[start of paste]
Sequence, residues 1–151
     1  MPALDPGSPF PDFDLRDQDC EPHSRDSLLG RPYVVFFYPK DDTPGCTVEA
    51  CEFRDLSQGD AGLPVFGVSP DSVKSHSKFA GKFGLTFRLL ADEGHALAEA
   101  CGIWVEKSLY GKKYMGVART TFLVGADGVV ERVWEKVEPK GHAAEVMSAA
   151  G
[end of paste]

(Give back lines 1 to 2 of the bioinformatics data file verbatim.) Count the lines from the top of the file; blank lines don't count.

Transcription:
Sequence, residues 1–151
     1  MPALDPGSPF PDFDLRDQDC EPHSRDSLLG RPYVVFFYPK DDTPGCTVEA